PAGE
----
Grain Sector Better Off Than Many During World Recession

“It’s really an exciting time for agriculture and producers. If corn gets too cheap ethanol will bring it back and wheat and soybeans will follow corn.”


Recession or not, people still have to eat and that bodes well for the world’s grain sector, three panelists told the Canada Grain Council’s 40th annual meeting in Winnipeg April 7.

World grain prices will continue to be volatile and free marketers will have to fight increasing protectionism and resist calls to create an internal grain reserve aimed at stabilizing supplies and prices.

“Although farming cannot detach itself totally from the financial crisis, the trends show there’s a renewed financial interest… and agriculture is possibly in a stronger position than other industries,” said Pamela Kirby Johnson, director general of the Grain and Feed Trade Association in the United Kingdom.

During the last big, global recession in 1982, grain trade volumes changed little, said Kendell Keith, president of the National Grain and Feed Association in the United States. World grain prices are dramatically down from their peaks in 2008, but still 40 per cent higher than they averaged between 2003 and 2006, he said.

Grain price volatility will continue as investors come back to futures markets believing them to be a better bet than stocks, Keith said.

Demand for grain to make biofuels will also add to the volatility, especially when supplies are short because of poor crops following bad weather.

There is a direct correlation between corn and crude oil prices; as oil goes up so will the price of corn and soybeans and wheat prices will follow, Keith said later in an interview.

“There really is a growing disconnect between stocks-to-use ratios and prices,” he said.

“It’s really an exciting time for agriculture and producers. If corn gets too cheap, ethanol will bring it back and wheat and soybeans will follow corn.”

Farmers need to embrace the ups and downs in prices because they create opportunity, he added.

“I just think farmers are going to have to be prepared to price grain when it’s favourable to them,” Keith said.

The recession is increasing the demand for wheat and rice as some consumers cut back on meat consumption, said Klaus Schumacher, head economist with Toepfer International in Brussels. That means less demand for feed grains and meat.

“But overall, I think it is true the price elasticity for foodstuffs is, or has become, relatively low and we’ll have no massive demand reduction in our sector,” he said.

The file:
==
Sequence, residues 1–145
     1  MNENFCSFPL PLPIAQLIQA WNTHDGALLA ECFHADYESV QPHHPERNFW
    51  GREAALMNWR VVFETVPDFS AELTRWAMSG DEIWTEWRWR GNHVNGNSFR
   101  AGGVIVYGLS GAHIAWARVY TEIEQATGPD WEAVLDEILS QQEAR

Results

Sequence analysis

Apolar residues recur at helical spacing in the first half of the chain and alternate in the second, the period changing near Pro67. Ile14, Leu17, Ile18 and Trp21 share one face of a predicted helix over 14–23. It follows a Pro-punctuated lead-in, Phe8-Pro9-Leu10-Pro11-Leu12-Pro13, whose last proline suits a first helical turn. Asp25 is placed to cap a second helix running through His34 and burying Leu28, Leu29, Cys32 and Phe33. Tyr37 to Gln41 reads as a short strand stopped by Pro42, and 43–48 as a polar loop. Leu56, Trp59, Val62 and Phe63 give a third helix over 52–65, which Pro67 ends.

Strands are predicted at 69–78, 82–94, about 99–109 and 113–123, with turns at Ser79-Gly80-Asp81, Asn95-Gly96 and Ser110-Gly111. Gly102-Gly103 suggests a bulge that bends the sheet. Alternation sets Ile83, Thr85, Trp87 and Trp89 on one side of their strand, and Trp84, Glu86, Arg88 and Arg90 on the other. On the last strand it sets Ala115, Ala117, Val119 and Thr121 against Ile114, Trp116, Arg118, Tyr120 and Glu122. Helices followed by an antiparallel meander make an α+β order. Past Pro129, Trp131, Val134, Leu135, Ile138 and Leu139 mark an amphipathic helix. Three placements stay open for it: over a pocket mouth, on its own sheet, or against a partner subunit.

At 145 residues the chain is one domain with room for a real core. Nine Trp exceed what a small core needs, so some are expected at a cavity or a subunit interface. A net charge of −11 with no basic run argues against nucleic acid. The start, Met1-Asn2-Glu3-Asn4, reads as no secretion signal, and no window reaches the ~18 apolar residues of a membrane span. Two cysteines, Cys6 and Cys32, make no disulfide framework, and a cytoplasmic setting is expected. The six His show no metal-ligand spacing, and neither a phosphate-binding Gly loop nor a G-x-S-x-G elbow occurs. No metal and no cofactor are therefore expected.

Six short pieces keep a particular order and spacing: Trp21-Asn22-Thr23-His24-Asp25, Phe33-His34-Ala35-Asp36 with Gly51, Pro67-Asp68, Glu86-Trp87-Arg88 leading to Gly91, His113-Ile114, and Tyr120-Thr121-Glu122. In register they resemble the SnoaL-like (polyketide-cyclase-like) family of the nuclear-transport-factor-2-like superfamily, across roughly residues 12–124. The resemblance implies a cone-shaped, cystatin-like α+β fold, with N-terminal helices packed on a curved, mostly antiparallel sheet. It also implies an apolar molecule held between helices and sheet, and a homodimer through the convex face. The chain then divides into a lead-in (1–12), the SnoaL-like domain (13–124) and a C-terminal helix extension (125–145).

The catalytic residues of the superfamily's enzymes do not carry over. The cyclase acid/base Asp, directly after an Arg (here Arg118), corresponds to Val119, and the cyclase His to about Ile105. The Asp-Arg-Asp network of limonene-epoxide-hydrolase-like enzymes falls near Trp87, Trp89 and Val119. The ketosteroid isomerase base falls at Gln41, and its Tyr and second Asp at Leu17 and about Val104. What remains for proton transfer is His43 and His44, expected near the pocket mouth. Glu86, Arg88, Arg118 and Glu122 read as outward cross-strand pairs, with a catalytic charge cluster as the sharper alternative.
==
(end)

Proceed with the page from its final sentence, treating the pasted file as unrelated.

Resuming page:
Schumacher described the public’s recent tendency to have more faith in the business acumen of governments rather than car companies and banks as “a little scary,” and warned meeting participants not to allow that attitude to spill into the grain sector.

Russia is already heading down that road, he said, creating a government agency to market surplus stocks of wheat, barley and sunflowers.

“They are going back to an old-fashioned Exportkleb,” he said.

In addition, the Russians are considering renationalizing their grain storage silos.

Earl ier Keith noted the American Agricultural Movement and National Farmers Union is advocating the return of a U. S. grain reserve and the creation of an international reserve as well. Both Keith and Schumacher said it would be a bad idea. The best solution to assuring grain supplies is to allow the free markets and free trade to work, they said.

In separate interviews later both men said developing nations are pushing a reserve in hopes of increased food aid. Both said past experience has shown governments react too slowly and intervention ends up doing more harm than good.

“They (most U. S. farm groups) realize stockpiling (grain) will depress prices and depress opportunities,” Keith said.

Processors burned because they didn’t expect grain prices to rise or fall as quickly as they did, are looking for ways to stabilize prices and supplies, Schumacher said. One option is to pay farmers the cost of production, with others through the supply chain adding on their costs. It’s something traders aren’t prepared for, he added.

“I’m not sure how it will work out,” Schumacher said in an interview. “I’m skeptical in that respect. The moment we have relatively flat prices for a year or two this idea will die anyhow. But we’ll have to discuss more alternative marketing approaches than in the past. This goes without saying.” [email protected]

About the author


Allan Dawson

Allan Dawson is a reporter with the Manitoba Co-operator based near Miami, Man. Covering agriculture since 1980, Dawson has spent most of his career with the Co-operator except for several years with Farmers’ Independent Weekly and before that a Morden-Winkler area radio station.



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